- Measuring Everything You’ve Always Wanted to Know About an Ultrashort Laser Pulse, But Were Afraid to Ask
- Guest Speaker
- Rick Trebino
- Thursday, February 11, 2010 4:00 pm - 5:00 pm
- 202 Physics
Dr. Susanne Ullrich will host Dr. Rick Trebino of the Georgia Institute of Technology Department of Physics this week. His talk is is entitled "Measuring Everything You’ve Always Wanted to Know About an Ultrashort Laser Pulse, But Were Afraid to Ask."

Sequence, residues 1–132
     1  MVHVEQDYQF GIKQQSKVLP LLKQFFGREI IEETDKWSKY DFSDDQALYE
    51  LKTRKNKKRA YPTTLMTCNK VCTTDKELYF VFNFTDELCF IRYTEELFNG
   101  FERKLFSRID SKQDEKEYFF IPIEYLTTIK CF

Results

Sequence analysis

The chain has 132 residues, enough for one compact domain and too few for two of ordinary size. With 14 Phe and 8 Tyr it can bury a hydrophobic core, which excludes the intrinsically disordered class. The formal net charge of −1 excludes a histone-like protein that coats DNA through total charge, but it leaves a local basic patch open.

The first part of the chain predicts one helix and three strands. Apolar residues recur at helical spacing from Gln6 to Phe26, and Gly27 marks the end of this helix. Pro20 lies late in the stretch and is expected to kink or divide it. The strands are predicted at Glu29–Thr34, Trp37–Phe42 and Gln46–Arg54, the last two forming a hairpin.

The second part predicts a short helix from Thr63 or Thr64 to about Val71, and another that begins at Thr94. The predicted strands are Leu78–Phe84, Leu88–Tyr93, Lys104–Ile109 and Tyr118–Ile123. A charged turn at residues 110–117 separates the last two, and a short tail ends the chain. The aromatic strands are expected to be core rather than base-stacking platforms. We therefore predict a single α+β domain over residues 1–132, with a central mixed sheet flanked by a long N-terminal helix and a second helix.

Measuring an event in time seems to require a shorter one. As a result, the development of a technique to measure ultrashort laser pulses—the shortest events ever created—has been particularly difficult. We have, however, developed simple methods for fully characterizing these events, that is, for measuring a pulse's intensity and phase vs. time. One involves making an optical analog of a musical score of the pulse by using nonlinear optics to measure the pulse spectrogram. The mathematics involved is equivalent to the two-dimensional phase-retrieval problem—a problem that’s solvable because the Fundamental Theorem of Algebra fails for polynomials of two variables. We call this method Frequency-Resolved Optical Gating (FROG), and it’s simple, rigorous, intuitive, and general. FROG has been used to measure pulses as short as 100 attoseconds (10-16 sec) and as weak as a few hundred photons. FROG has also measured the most complex ultrashort pulse ever generated, yielding surprising results. And we have recently developed methods (also with frivolous names: SEA TADPOLE and STRIPED FISH) for measuring the complete spatio-temporal field of an arbitrary laser pulse, making ultrashort laser pulses the most completely characterized form of light known to humankind.